2. Jesus wept, it’s an unstoppable tide of nonsense, I tell thee.

    Though in my mind there seems to be a strong correlation between wealth and susceptibility to nonsense. we should investigate.

  3. I don’t know about the wealth-susceptibility link as I’ve sometimes been surprised at the number of people that I’ve met who don’t have much money but are happy to fork out for a telephone call to a spiritualist or faith healer…

  4. I am not sure if your wealth makes any difference to you susceptibility to quackery. I would guess though that it makes a difference to the quacks that target you.

  5. My GF rides and through her I see so much quackery it is unbelievable. I haven’t tried stopping her from using all of the supplements yet and that is the sensible end of the spectrum- her horses owner is so far out on the woo spectrum she makes the atlantis woman from the dawkins program look sane. Hair analysis (not scientific- dowsing hair samples)emotional freedom technique and knock off flower remedies are all regularly touted by her.

    Bioflow are regular stall holders at the horse shows, so if anyone fancies a good laugh i’d reccomend an hour or two at a show- you can laso chuckle at the sight of stroppy rich kids falling off thier horses.

  6. YOU CAN SAY WHAT YOU WANT, BUT REIKI IS VERY,VERY REAL. IT COMES FROM BUDHISM, PREDATING ALL OTHER RELIGIONS. I’VE MADE LOTS OF SKEPTICS INTO BELIEVERS, ESPECIALLY AT MY MASONIC LODGE AND THE ANIMAL SHELTER I VOLUNTEER AT.
    YOU SAY IT’S BULLSHIT, BUT PEOPLE HAVE ASKED ME TO STOP BECAUSE IT WAS TOO INTENSE/HOT FOR THEM. BEFORE YOU BASH SOMETHING PERHAPS YOU SHOULD TRY IT. IT IS ALSO ODD THAT YOU BASH BACH’S F.E.,WHEN LOTS OD DRUGS ARE DERIVED FROM LOTS OF PLANTS. DOCTORS ARE THE 3RD LEADING CAUSE OF DEATH IN THE U.S., I DON’T SEE THAT MENTIONED ANYWHERE ON YOUR SITE.

  7. @Lee,
    It has already been tried. Professor. Edzard Ernst who is probably the world’s leading expert on alternative medicine analyzed over 200 studies into Reiki. His conclusion:

    ” evidence is insufficient to suggest that reiki is an effective treatment for any condition. Therefore the value of reiki remains unproven.”

  8. Lee – You are an idiot.

    Reiki was invented in 1922 (according to the Miasmic Herald) so hardly predates all other religions.

    Certainly not the Buddhist religion – which you managed to spell incorrectly by the way.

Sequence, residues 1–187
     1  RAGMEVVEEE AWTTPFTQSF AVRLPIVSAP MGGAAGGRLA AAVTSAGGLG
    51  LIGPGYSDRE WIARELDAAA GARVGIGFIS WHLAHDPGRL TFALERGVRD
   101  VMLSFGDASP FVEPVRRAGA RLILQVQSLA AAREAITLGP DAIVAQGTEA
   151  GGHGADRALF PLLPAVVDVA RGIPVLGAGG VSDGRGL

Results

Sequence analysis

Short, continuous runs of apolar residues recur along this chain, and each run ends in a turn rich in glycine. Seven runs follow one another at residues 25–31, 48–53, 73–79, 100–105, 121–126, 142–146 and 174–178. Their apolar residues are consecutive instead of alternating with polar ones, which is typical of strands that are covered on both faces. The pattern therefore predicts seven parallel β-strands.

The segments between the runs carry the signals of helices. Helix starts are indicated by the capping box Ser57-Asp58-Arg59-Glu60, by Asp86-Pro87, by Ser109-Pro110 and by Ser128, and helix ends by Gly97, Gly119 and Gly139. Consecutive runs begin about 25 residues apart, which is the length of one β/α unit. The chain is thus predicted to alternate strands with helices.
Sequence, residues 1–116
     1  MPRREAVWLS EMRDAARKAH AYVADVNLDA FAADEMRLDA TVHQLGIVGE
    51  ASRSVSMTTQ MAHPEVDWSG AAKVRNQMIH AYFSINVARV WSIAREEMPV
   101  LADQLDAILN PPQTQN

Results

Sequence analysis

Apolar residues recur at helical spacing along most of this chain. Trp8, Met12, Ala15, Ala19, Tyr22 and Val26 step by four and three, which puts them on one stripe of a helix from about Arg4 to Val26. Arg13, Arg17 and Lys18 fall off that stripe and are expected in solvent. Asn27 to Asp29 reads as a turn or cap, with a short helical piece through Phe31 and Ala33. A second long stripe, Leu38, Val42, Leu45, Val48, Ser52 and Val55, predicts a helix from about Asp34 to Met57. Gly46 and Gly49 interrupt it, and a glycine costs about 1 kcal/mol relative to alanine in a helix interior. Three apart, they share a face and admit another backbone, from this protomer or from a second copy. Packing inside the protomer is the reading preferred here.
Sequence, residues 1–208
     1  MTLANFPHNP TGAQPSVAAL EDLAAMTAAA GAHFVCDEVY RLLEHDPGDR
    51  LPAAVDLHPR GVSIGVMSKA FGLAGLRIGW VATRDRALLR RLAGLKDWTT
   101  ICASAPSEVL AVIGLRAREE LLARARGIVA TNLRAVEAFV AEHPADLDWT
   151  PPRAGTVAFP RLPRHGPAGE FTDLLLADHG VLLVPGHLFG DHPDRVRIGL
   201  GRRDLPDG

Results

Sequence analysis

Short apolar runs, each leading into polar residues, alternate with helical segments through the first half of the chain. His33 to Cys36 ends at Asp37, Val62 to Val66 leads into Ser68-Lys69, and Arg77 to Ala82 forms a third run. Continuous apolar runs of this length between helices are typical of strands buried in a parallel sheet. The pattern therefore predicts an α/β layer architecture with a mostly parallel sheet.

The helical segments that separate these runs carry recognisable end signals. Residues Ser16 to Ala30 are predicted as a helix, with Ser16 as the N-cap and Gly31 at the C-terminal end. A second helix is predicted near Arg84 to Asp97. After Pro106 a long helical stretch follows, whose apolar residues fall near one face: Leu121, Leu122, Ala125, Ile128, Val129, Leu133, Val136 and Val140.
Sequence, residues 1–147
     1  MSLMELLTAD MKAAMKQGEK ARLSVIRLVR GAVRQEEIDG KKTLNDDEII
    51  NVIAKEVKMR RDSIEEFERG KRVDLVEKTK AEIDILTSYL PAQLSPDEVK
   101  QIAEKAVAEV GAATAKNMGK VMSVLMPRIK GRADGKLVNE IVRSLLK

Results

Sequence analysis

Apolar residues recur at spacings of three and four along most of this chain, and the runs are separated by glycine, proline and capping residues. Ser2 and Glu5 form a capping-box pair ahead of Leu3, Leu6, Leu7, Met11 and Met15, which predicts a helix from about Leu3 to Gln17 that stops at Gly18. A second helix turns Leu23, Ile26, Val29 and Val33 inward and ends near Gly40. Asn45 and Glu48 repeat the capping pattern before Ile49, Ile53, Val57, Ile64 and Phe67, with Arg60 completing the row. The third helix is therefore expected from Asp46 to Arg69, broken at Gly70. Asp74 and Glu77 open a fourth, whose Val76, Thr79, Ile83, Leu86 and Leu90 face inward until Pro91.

It was invented by some nutter who starved himself on top of a mountain for three weeks and presumably hallucinated it into existence.

    I dislike remote diagnossis of genuine medical problems but you are unbalanced if you think that doctors are the third major cause of death in the US.

    Did you realise that in the US firemen are one of the major causes of houses burning down and are involved in nearly 100% of all fires.

    Or is the causality wrong in both cases ?

    Do you actually realise that doctors tend to get involved with people who are ill, sick or injured – to varying degrees of severity. Of course some of them die – it is difficult to re-attach a severed head.

    And as for HY woo with respect to animals let me contribute my tuppenyha’penny worth.

    My partner and me breed pedigree Maine Coon cats. There is a lot of woo in the cat world – most of it relating to HY.

    The assumption on the part of the woo merchants is that cat owners will spend virtually any amount of money on Tiddles. This asumption is pretty much valid.

    I even know a breeder and judge (of cat competitions, not people) who actually works for a pharma and yet who gives her cats HY “remedies”.

    The reason for this is that the HY remedies cure the illness (usually arse/liquid poo related) within 72 hours. Doing nothing apparently cures it within 3 days. How about that for a well quantified paradigm of medical efficaciousness.

    I am not sure that all the vets who engage in HY hokum necessarily believe in it. I think some of them do it cynically because the pet owners want it.

    I looked around at vets for our cattery (because we spend a load of money with the vet)and asked them if they used HY treatments. Some said yes, some said “no, but we could do if you wished” (bit cynical that one). One laughed at me as if I was an idiot and told me I must be joking.

    Guess which one gets all my vets fees ?

    Good post Canard. Once again you have pinpointed one of the many rollers in the incoming tide of mumbo-jumbo and quackery.

    And shame on the morons who inflict this totally unfounded hokum on their animals.
    surf